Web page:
Published on May 18, 2016  
Alvis Brewer Award

Henry C. “Corky” Strickland III, Dean and Ethel P. Malugen Professor of Law, presented the annual Daniel Austin Brewer Professionalism Award to third-year student Stewart Alvis of Birmingham, Alabama during the Cumberland School of Law spring commencement on Friday, May 13, 2016 at the Leslie S. Wright Fine Arts Center. 

The Daniel Austin Brewer Professionalism Award was endowed by Governor Albert Brewer, Distinguished Professor of Law and Government and Professor Emeritus, in honor of his father.  Each year, the award is granted to a third-year law student at Cumberland who best exemplifies the high standards of ethics and professionalism expected of members of the legal profession.

During his time at Cumberland, Alvis was an active member of the National Trial Team, the Student Bar Association and the Cumberland Law Review.  He served in various leadership positions including chief judge of the Cumberland Trial Advocacy Board, acquisitions editor and junior editor of the Cumberland Law Review, and Student Bar Association class representative and vice president.  Following graduation, Alvis has accepted a position at Maynard Cooper & Gayle, P.C. in their Birmingham office, where he will be a part of their general litigation and white collar defense and investigations practice groups.  He is the eighth member of his family to graduate from Cumberland.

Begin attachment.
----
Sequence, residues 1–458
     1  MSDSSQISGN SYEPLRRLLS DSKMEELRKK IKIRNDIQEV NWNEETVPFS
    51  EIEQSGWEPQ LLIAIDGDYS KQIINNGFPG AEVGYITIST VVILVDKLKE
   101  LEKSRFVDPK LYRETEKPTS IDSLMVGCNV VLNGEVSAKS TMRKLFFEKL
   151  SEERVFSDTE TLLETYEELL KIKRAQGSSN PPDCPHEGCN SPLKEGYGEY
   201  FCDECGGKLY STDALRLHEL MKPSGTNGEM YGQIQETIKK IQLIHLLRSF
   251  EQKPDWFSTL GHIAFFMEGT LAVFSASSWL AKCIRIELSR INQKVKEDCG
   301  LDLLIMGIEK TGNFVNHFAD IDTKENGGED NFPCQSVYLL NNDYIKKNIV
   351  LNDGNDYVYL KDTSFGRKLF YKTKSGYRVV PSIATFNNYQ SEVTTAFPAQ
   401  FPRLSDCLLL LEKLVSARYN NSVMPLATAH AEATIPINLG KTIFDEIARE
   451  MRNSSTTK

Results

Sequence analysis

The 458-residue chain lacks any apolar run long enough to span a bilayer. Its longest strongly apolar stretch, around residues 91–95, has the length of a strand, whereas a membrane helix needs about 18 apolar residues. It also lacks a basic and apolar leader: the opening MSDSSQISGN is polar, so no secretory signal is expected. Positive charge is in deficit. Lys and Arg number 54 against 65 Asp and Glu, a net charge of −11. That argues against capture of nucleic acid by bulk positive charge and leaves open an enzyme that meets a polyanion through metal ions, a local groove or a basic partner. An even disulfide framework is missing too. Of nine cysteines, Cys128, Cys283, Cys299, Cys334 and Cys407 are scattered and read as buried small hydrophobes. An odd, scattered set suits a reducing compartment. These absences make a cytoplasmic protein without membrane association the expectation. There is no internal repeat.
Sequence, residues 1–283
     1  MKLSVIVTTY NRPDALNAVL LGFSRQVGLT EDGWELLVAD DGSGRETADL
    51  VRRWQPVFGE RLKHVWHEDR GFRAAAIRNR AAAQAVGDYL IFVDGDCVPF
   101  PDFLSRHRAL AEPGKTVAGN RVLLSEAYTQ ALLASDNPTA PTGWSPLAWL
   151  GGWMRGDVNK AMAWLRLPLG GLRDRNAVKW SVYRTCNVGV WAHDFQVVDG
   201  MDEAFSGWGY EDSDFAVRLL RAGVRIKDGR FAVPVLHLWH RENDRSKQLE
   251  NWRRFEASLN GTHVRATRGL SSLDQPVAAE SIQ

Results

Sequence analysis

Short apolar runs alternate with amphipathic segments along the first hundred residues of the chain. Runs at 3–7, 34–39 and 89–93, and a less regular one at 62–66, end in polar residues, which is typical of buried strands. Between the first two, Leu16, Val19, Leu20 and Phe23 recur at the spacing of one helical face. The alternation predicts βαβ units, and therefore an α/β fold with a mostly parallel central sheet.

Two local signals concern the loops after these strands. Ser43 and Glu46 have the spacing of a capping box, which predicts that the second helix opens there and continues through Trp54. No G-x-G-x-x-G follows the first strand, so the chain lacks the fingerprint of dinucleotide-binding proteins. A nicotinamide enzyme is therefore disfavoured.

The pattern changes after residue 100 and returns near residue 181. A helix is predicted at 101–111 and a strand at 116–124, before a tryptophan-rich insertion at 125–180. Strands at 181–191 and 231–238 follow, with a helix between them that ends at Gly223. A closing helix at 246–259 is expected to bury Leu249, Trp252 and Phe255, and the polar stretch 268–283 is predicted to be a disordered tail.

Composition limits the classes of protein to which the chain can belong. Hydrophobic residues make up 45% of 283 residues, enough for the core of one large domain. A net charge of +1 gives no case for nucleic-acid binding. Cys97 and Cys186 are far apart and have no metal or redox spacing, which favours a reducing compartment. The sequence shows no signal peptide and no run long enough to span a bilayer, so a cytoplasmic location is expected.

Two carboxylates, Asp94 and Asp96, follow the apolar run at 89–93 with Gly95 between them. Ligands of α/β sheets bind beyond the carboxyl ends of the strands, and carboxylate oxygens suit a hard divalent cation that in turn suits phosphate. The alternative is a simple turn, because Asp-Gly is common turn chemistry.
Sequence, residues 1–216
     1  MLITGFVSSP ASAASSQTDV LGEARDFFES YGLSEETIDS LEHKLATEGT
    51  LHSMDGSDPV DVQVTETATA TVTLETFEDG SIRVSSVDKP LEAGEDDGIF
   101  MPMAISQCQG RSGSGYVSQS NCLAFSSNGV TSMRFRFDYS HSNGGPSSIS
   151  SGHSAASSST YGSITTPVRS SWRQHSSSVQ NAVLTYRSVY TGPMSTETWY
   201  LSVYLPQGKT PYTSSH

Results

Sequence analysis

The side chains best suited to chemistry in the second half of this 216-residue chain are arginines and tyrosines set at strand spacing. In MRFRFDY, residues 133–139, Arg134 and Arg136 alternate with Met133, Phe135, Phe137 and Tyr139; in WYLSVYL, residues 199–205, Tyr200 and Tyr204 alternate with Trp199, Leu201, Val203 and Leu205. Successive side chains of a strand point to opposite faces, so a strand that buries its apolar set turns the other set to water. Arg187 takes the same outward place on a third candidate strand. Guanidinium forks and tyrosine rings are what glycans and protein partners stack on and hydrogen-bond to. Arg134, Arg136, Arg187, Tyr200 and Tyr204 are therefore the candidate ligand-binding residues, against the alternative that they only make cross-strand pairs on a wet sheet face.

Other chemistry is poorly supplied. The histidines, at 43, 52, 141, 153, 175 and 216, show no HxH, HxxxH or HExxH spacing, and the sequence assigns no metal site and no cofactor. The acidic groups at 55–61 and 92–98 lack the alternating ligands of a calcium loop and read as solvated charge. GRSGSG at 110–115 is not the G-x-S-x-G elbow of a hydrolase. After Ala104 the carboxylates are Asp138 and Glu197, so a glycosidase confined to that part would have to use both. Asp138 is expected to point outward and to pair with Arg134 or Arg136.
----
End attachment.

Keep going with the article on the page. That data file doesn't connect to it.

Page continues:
Samford is a leading Christian university offering undergraduate programs grounded in the liberal arts with an array of nationally recognized graduate and professional schools. Founded in 1841, Samford is the 87th-oldest institution of higher learning in the United States. Samford enrolls 5,791 students from 49 states, Puerto Rico and 16 countries in its 10 academic schools: arts, arts and sciences, business, divinity, education, health professions, law, nursing, pharmacy and public health. Samford fields 17 athletic teams that compete in the tradition-rich Southern Conference and ranks 6th nationally for its Graduation Success Rate among all NCAA Division I schools.